Grapevine: Gambling with the lottery

September 10. 2012 5:41AM - Last modified: September 10. 2012 5:44AM

By NJBIZ Staff

One lottery watcher argued that the state's lottery is already working well, and that privatization is being explored largely for the $120 million cash infusion. "Why fix what ain't broken — unless you need $120 million?" the source said.

The state is proposing awarding a 15-year contract to operate the lottery, so "the question then becomes, for $120 million up front and 15 years of losing the management of the lottery, is it really worth it? And then if you want to bring it back into the state, you have to go and hire people, because you will have lost your staff."

The source said that instead of privatizing, the state could increase lottery revenue by investing more marketing dollars into the program.


Treasury spokesman Bill Quinn said the state is undergoing the RFP process for the potential to expand revenues going forward. "This is not a cost-savings effort here, this is a revenue expansion effort," Quinn said, adding the value of revenues over the 15-year contract are expected to be "much larger" than the $120 million up-front payment.


The state wants to get an "accelerated guarantee payment" as a down payment on the additional revenues the state expects to receive from the 15-year term contract.


"It also demonstrates that the contractor has the financial capability that we're looking for. We're looking for a company that has solid financial credentials, and the ability to make that initial payment indicates that they do have that kind of financial depth," Quinn said.


He said marketing, sales and product development would be handled by the contract manager, but all other operations would continue to be managed by the state.

Calm before the storm
Since St. Joseph's Healthcare System and St. Mary's Hospital ended negotiations with Ascension Health Care Network, all has been quiet on the hospital scene. An industry expert, though, says that will change: "I expect a lot of activity over the next 60 days."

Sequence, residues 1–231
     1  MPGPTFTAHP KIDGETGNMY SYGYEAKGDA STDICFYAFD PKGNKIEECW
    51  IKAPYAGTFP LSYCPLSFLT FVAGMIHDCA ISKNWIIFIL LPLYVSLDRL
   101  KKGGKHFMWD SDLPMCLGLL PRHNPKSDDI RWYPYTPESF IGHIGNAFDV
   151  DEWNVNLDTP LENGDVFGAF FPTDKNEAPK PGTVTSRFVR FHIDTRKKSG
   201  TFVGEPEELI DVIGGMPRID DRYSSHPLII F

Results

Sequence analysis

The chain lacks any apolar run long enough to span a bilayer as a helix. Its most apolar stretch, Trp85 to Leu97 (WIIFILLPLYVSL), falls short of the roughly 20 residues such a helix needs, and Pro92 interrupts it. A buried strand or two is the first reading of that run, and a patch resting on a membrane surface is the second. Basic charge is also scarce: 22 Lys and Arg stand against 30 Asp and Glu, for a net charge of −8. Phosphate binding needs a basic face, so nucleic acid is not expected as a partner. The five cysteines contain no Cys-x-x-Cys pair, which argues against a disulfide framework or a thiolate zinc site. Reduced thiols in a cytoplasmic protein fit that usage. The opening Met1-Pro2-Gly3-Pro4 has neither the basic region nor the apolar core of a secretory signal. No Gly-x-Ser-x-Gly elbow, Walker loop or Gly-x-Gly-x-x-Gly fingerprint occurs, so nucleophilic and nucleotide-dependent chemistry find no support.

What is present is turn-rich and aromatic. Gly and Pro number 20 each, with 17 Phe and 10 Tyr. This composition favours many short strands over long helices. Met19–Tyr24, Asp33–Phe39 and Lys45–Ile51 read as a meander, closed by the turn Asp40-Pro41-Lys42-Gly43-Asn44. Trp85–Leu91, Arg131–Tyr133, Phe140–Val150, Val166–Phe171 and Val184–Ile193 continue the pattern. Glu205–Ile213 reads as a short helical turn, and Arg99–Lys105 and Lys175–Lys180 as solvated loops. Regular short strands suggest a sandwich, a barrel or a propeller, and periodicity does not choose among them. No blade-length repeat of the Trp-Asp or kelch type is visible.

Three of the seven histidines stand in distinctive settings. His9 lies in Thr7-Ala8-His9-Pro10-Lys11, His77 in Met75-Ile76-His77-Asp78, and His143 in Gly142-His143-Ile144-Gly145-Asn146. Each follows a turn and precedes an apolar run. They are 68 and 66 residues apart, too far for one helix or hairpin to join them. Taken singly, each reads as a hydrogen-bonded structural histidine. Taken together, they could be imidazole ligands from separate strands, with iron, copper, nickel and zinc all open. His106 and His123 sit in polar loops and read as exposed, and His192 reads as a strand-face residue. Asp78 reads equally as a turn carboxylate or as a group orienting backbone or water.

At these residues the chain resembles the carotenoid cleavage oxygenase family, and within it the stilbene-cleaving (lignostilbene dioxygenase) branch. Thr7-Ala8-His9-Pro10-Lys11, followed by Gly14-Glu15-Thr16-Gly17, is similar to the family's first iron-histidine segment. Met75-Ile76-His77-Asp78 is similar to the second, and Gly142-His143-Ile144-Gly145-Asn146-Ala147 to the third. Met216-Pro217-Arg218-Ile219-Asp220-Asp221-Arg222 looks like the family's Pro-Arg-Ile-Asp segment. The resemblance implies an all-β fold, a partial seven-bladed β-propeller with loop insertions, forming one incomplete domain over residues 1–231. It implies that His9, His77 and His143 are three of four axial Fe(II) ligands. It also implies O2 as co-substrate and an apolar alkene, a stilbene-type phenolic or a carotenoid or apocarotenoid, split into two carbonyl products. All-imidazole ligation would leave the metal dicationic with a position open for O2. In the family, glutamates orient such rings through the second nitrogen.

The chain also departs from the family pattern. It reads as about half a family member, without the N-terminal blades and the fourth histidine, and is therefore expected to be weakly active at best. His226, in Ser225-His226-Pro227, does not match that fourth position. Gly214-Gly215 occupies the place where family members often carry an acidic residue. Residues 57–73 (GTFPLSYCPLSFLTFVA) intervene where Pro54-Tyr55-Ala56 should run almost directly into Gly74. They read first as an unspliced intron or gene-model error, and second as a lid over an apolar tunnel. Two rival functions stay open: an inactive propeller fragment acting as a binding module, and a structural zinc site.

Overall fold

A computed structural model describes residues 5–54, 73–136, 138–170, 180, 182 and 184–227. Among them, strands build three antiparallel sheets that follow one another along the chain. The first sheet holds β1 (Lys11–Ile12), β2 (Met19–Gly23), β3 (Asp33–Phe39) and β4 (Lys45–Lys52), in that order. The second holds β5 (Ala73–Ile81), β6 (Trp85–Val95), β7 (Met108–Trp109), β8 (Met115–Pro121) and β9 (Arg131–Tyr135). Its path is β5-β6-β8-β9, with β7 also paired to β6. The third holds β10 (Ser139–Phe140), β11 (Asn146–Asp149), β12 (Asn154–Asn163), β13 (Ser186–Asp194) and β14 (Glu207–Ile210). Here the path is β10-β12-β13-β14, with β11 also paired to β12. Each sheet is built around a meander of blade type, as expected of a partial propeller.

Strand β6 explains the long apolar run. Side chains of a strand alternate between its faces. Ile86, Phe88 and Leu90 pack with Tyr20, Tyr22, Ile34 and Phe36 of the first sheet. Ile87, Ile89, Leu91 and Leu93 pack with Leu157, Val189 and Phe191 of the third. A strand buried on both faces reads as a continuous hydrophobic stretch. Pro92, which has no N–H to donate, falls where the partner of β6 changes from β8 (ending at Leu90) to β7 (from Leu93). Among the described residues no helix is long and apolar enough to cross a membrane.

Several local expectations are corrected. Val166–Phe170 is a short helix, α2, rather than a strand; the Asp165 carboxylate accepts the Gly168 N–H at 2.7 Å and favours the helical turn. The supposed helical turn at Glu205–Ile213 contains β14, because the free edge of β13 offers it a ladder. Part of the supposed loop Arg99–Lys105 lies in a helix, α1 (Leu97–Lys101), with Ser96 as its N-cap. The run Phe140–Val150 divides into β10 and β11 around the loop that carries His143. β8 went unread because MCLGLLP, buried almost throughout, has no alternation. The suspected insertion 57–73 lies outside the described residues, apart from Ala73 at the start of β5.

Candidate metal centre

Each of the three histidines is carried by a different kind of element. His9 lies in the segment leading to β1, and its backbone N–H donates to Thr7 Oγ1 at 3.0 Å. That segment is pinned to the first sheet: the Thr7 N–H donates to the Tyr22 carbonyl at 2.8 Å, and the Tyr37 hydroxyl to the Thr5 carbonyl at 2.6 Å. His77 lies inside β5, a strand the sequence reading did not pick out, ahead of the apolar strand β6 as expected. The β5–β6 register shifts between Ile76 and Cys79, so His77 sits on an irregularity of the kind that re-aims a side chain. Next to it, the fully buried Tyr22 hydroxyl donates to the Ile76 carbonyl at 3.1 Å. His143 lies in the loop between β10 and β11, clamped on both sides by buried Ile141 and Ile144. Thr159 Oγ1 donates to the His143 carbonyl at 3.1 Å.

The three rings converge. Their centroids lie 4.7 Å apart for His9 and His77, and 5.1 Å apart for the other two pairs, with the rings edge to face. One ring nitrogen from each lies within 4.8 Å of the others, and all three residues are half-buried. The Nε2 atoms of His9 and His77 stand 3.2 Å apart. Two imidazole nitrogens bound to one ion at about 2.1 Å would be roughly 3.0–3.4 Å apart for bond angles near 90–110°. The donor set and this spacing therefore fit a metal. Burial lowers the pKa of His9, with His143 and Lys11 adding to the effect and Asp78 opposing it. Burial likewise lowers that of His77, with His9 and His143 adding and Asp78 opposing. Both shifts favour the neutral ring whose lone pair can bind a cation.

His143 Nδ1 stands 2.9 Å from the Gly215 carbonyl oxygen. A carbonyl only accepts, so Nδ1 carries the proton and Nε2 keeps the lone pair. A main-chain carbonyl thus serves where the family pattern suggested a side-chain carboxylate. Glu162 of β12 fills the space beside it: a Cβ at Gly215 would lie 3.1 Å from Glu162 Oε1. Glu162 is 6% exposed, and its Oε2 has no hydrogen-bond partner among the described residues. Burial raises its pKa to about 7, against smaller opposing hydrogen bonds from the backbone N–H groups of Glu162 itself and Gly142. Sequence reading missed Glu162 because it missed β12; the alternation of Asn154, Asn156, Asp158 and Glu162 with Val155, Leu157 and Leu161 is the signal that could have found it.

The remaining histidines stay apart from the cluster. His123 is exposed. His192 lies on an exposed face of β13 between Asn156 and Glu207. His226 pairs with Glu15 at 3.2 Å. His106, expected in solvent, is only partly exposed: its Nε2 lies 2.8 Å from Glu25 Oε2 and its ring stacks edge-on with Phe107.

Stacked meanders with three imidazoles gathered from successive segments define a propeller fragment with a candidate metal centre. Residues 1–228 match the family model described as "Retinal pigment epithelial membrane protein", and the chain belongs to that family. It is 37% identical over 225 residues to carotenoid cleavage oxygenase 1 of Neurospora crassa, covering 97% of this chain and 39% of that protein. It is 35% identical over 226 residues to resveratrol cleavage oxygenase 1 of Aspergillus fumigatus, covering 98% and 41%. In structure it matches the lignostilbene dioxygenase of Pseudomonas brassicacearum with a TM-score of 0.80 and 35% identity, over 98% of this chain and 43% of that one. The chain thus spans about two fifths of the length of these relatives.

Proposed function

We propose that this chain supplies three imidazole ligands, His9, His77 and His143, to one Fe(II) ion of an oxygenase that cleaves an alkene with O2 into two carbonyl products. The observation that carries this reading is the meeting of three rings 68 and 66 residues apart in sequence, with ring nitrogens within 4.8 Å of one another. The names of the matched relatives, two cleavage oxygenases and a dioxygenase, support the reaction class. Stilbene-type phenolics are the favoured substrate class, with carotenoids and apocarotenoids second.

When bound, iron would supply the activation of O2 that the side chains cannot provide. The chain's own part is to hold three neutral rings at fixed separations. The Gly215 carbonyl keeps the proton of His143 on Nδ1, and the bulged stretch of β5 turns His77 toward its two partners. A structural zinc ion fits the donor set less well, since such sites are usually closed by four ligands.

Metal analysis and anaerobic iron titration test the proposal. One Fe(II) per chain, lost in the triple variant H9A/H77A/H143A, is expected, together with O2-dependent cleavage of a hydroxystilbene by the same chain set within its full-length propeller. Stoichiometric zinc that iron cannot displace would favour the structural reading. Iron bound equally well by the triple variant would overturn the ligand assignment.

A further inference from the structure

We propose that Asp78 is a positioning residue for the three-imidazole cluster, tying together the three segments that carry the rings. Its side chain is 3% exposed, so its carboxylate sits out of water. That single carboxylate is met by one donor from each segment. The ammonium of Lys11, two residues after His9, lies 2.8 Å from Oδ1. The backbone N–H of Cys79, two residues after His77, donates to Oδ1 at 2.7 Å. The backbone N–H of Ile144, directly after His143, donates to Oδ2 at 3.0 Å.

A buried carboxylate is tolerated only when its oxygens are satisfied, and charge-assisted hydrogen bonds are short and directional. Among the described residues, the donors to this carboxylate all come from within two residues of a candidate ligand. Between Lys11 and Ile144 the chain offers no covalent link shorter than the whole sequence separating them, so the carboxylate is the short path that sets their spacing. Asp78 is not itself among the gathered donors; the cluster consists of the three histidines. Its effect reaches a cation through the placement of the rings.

And while there were no details given, there are several hospital transactions that could come to fruition in the coming weeks. Independents like Chilton Hospital and Hunterdon Medical Center have outstanding RFPs that have yet to be decided publicly, and still no word from Ascension on its negotiations with St. Clare's four hospitals. On top of that, the Centers for Medicare and Medicaid Services is accepting applications for new accountable-care organizations, and it is expected that several New Jersey providers will look to participate in this round of approvals.

Stopping Spectra
The effort to stop Spectra Energy's pipeline through Jersey City is increasingly an uphill battle. And any legal challenge by citizen groups would likely face a hard climb.


At least three citizen groups have threatened to sue, though it's unclear if they have the funding to see the matter through. One group — dubbed "Sane Energy Project" — has raised a mere $275 toward its goal of a $60,000 legal fund, though the group held an "emergency rally" at the construction site Sept. 5. Jersey City officials also stand prepared to challenge FERC in court over the matter. The city says it's a question of when — not if — legal action will occur.


Spectra Energy quietly began building the controversial New Jersey-New York pipeline in July, even though the Federal Energy Regulatory Commission is technically still reviewing the matter. FERC gave the project its OK in May, but the agency accepted opponents' request to reconsider the matter. If FERC were to change its mind, Spectra would be required to undo all of its construction work. However, sources tell Grapevine it's exceedingly unlikely FERC would reverse course.

An open Booker
They were in Charlotte, N.C., last week, hob-nobbing and networking. The New Jersey Democrats who would maybe, possibly, perhaps like to be governor knew the national convention was a place they had to be.


But the sentiment inside the Time Warner Cable Arena and at the related events was that Cory Booker essentially has right of first refusal in seeking the party's gubernatorial nomination.


"It's Cory's for the taking, if he wants it," said a convention attendee, summarizing the sentiment of Garden State delegates and guests. "Everyone is waiting for Cory to make his call."


Other Dems would step aside if the Newark mayor decides to run for governor, the source said. Booker, who gave a rousing speech at the convention, has reportedly said he will make a decision by December.

Grapevine reports on the behind-the-scenes buzz in the business community. Contact Editor Sharon Waters at sharonw@njbiz.com.


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